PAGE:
Sustainability and space exploration

A picture of our backyard oak tree, the sun shining between its branches. Credit: Edgar Zapata,

Oddly, one of the first books given to me when I arrived at NASA was for acronyms. Not what systems did or how they worked. Not flowrates. That would come later. First, acronyms. NASA had so many new things needing new words that it had turned grouping words together into an art. Somehow using only first letters sounded fluid. I now had a spell book gathering up all the incantations. “Confundo!”

There is a particularly important word a while now, “sustainability.” My first recollection of the word becoming fashionable was around 2006. Every program suddenly wore the phrase. It actually took a while before anyone asked what sustainable meant. About then, NASA began its short-lived Constellation program (soon canceled as unsustainable).

Definitions of sustainable came and went. Some definitions nearly said a project with a strong stakeholder was the picture of sustainable. An ease to survive had become an ease to sustain. An inevitable budget meant easily sustained. Unfortunately, this confuses demand with supply and can even reward the confusion.

The United Nations defines sustainable as “development that meets the needs of the present without compromising the ability of future generations to meet their own needs.” This is a much better definition than just some ability to go on, as it sets a bound on how to go on. This connects actions now to effects decades out. However, a good turn of a phrase may not do it. Sometimes it takes a good story, like “The Overstory” by Richard Powers. This wonderful book will leave anyone wondering if we understand the idea of what’s “sustainable” at all. It’s a story where trees are as central as people. You will never look at that tree in your yard the same way.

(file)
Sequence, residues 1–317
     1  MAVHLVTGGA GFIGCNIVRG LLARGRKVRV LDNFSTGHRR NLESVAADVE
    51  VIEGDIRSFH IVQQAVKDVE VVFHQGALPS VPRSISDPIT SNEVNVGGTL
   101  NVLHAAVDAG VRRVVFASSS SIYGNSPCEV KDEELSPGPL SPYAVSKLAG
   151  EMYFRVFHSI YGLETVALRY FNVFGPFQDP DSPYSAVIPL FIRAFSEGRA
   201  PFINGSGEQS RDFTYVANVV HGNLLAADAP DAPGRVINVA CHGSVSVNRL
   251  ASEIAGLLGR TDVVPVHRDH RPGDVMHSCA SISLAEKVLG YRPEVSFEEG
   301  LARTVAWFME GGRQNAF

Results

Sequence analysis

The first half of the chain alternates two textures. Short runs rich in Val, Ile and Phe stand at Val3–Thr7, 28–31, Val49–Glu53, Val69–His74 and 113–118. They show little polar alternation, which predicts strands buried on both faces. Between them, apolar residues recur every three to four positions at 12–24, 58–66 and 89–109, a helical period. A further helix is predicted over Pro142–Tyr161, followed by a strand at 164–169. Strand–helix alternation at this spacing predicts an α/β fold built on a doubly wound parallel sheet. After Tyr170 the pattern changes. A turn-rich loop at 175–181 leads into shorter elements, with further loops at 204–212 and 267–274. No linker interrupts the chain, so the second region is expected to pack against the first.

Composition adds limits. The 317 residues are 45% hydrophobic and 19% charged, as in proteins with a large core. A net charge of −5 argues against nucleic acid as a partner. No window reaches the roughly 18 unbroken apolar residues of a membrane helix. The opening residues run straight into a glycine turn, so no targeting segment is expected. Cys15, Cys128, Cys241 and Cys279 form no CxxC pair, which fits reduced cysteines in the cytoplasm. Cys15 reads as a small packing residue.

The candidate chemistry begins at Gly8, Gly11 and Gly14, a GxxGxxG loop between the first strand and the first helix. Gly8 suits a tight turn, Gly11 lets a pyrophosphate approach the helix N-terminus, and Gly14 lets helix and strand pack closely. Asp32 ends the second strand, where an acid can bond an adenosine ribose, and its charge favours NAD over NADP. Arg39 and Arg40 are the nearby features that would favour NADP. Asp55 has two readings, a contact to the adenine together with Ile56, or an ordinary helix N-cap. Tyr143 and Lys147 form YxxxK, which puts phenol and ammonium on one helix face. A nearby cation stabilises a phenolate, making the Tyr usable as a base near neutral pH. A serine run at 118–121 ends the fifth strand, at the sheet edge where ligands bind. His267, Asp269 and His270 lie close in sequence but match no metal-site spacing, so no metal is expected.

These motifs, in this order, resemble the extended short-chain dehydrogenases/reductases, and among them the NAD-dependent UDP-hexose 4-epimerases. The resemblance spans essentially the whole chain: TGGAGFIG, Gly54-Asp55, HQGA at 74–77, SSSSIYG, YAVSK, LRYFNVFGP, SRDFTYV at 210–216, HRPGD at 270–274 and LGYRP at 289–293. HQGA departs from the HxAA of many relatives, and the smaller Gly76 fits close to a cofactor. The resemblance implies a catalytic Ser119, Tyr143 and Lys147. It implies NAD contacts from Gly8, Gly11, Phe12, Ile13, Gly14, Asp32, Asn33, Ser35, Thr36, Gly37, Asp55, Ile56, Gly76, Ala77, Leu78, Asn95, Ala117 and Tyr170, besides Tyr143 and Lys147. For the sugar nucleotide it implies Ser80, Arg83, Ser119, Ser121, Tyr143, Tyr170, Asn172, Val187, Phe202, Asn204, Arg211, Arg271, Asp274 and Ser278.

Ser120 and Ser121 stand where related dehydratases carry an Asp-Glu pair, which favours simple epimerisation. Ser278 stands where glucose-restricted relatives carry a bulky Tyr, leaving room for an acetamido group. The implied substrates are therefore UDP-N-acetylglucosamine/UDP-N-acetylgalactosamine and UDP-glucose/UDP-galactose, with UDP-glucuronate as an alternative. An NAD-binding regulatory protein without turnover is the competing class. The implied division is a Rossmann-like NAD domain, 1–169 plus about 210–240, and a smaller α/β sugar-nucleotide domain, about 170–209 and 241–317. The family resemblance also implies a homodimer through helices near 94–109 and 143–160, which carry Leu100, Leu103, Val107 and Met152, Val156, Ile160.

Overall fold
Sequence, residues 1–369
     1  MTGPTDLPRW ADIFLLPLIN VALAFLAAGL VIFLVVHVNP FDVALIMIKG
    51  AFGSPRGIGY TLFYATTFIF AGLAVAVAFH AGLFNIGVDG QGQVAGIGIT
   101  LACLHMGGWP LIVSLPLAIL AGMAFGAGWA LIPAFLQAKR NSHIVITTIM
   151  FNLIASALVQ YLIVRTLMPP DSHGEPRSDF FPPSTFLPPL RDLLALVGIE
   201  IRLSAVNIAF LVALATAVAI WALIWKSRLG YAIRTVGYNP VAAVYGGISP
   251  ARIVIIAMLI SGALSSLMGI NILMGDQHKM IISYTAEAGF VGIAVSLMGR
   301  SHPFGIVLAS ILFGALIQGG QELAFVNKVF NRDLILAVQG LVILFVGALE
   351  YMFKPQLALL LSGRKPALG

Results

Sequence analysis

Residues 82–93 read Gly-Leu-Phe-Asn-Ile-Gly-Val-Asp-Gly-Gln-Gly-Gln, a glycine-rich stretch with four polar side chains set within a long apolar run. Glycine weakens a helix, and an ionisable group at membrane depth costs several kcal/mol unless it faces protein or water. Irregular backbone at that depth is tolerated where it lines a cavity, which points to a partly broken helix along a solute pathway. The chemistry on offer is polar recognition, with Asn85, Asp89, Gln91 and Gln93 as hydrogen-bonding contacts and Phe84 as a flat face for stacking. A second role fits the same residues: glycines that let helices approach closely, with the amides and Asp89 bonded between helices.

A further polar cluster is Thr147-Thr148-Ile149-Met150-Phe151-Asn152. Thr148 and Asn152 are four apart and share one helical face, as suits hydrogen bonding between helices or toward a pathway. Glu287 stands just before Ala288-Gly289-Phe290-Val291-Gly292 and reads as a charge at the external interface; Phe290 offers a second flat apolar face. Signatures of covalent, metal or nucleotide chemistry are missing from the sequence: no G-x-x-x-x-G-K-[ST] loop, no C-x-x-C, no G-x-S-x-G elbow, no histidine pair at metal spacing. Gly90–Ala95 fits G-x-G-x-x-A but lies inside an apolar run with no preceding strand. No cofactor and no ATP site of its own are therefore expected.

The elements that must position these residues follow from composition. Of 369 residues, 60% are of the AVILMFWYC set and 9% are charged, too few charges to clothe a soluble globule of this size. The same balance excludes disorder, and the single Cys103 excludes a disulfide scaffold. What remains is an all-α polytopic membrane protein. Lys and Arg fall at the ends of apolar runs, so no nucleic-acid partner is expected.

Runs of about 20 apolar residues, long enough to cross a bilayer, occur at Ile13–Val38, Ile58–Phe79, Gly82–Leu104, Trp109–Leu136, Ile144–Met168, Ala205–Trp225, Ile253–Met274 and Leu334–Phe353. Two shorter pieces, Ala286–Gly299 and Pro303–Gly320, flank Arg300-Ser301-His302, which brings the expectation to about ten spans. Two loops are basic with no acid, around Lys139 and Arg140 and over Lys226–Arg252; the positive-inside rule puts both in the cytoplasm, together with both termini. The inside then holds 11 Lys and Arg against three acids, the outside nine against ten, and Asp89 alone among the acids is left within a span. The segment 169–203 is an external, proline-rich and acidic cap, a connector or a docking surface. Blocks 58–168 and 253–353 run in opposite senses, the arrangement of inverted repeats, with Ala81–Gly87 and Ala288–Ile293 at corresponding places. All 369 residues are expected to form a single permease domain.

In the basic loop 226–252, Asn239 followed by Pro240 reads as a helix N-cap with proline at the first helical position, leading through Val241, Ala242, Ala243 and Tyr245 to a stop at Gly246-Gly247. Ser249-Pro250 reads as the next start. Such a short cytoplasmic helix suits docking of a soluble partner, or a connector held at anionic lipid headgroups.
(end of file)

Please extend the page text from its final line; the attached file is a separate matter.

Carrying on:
Unsaid in all this, what do we measure when asking what’s sustainable. Do you look at the health of the forest or only check the orders for paper? Checking for a programs budget persisting is a lot like checking the orders for paper. We may see more orders, for a lunar rover here, a probe there, but we should be just as concerned with what capability is real and growing.

Even accepting this reorientation is necessary, it may not be sufficient.

There’s an insight in “The Overstory” for our aerospace world. A sustainable space exploration program not only grows for future generations, it’s healthy, diverse, and vibrant – an economic and technical ecosystem full of possibility. Repeating missions can be a lot like repeating trees, not improving the health of the forest. We can re-grow forests, copy of tree after tree, managed and curated, or as a character in Power’s book reminds us, “You can also arrange Beethoven’s ninth for solo kazoo.”

Which leads to some thoughts on our space sector, first, the obvious, that being sustainable is not just about demand, and it’s not just the next step either, curating some supply. It’s more, about having a growing and complex system. Under every felled log, we should find a next level of connections, fine-tuned yet adaptable balances of competition, not only what’s planned and predictable. In a space exploration economic ecosystem, we should too, or something is not quite right or sustainable.

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